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Dear ESOP Members,

We have left behind the 4th European Congress of Oncology Pharmacy (ECOP4). We are happy to meet our friends, meet new people and share information in the congress held in Nantes, France. Thanks to all participants...

November newsletter includes the texts under the topics of Oncology Pharmacy in Spain, New plan for �good health� in France, ECOP4 in Nantes and Leukemia care lecture at ECOP4.

We wish you enjoyable readings…

Best regards,

Eda Gedikoglu

Chair of Publication


1. Who can be an oncology pharmacist?

The current Pharmacy University Degree consists of five years of theoretical and practical training, including 6 months of supervised professional experience (community or hospital).
After graduating, in order to work as a hospital pharmacist you need to become “Hospital Pharmacist Specialist”. This degree is compulsory in the country. The specialization program is performed totally at the hospital (not at university) through a very complete “Residency program”. There is a limited number of hospitals approved to offer this program in the country:

  • Residency programme: period (4 years) of practical training at hospital, paid, programmed and supervised where the resident acquire in a progressive way the knowledge and professional responsibilities needed for his efficient work as a hospital pharmacist specialist
  • Program similar to physicians. Same training system. The fourth year was implemented quite recently, in 2000. This 4th year involves clinical rotations in different units (oncology, pediatrics, ICU, etc.)
  • The access is not opened to everybody; the number of attendants is limited per year. The candidates need to pass a national exam in order to enter into the program.  
  • This is really a very important aspect. Our specialisation follows the same model of the medical specialisations. The structure is parallel to the medical specializations. This aspect is crucial when you want to interact with them in the clinical team. Hospital pharmacists have the same status as physicians and you are at the same hierarchical position and the Pharmacy department has the same hierarchical structure to medical departments

Considering the post-specialisation education in oncology, the continuing education of hospital pharmacists is mostly organised and promoted by our National society SEFH through our Oncology working group GEDEFO.

The different activities include attending courses, courses on-line, distance learning courses, etc.

Maybe the most important educational program that GEDEFO has developed in order to deepen the Oncology knowledge has been the program to achieve the BCOP certificate in oncology by BPS (Board of Pharmacy Specialties) of the USA. Spain is now the second country in the world, after USA, in number of certified Oncology Pharmacists through this program.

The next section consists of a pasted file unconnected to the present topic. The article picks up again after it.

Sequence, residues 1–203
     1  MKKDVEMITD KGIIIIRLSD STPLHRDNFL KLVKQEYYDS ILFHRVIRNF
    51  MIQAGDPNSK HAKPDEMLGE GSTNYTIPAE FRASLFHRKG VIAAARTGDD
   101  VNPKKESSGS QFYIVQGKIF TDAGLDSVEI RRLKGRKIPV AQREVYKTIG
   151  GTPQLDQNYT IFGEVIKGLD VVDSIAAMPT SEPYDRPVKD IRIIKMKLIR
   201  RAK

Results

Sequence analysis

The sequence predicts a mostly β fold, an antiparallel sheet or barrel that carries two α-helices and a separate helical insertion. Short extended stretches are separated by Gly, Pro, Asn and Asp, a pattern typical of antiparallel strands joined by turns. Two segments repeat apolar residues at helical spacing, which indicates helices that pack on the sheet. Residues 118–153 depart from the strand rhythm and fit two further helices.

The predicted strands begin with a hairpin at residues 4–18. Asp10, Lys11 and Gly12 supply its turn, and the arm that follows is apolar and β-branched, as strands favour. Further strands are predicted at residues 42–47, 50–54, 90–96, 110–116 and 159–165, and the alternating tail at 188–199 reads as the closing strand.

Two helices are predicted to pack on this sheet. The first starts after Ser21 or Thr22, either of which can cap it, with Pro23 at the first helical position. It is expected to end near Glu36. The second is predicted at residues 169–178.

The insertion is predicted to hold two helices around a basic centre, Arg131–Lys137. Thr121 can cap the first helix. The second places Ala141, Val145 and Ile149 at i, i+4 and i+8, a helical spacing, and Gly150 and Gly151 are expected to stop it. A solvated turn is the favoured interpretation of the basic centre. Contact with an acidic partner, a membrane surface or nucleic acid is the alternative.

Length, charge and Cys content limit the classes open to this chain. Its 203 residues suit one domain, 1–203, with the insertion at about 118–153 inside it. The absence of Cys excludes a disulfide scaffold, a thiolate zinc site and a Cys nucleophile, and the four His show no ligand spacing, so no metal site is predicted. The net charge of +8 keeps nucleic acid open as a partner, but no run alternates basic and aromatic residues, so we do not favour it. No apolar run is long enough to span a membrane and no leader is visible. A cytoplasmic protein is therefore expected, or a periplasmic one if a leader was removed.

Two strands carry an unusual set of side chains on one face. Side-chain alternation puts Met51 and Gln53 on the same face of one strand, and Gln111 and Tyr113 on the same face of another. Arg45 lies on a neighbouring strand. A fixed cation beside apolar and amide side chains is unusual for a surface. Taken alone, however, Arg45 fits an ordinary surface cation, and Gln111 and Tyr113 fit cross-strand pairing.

2. Do you have an oncology pharmacy training or internship? Can you describe the process in detail?

The key aspects of the BCOP program are:

  • Hospital pharmacist specialist
  • Three year experience in a pharmacy dept. with high activity in oncology
  • High – Intermediate English level
  • Enough enthusiasm and dedication to accomplish the preparation throughout one year time

Teaching methodology

  • 3-4 Meetings:
    • 3 intensive educational weekends to prepare the exams (High qualified teachers in collaboration with SEOM )
    • Last session: instructions for exam, doubts, review
  • Combines individual personal work (supervised) + presence lessons

Duration: November – October

Teaching methodology: sessions

  • Applicants prepare the topics before meetings  (educational materials)
  • Test pre-meeting (15 questions)
  • Lessons of 1,5 h: theory and debate to discuss topics through questions and possible answers
  • At the end of the day the applicant receive a CD with all the presentations
  • On the last meeting applicants present clinical cases
  • Personal supervision: time to solve doubts, email...

4. Is it mandatory to work oncology pharmacist in the oncology clinics?

It’s not mandatory but is recommended.

4. Where do oncology pharmacists work? Where do they work most?

The oncology pharmacist is an integral member of the cancer care team, who participate in clinical rounds, spends their time in the outpatient and inpatient unit.

5. What are the duties and responsibilities of the oncology pharmacists?

The oncology pharmacist is involved in the whole Chemotherapy loop. From Prescription to administration. He/She as active collaboration in all the steps 
As an example, some of the main duties and responsibilities of the oncology pharmacists include:

  • Checking chemotherapy prescriptions and supportive drug prescriptions, administration before prescription validation.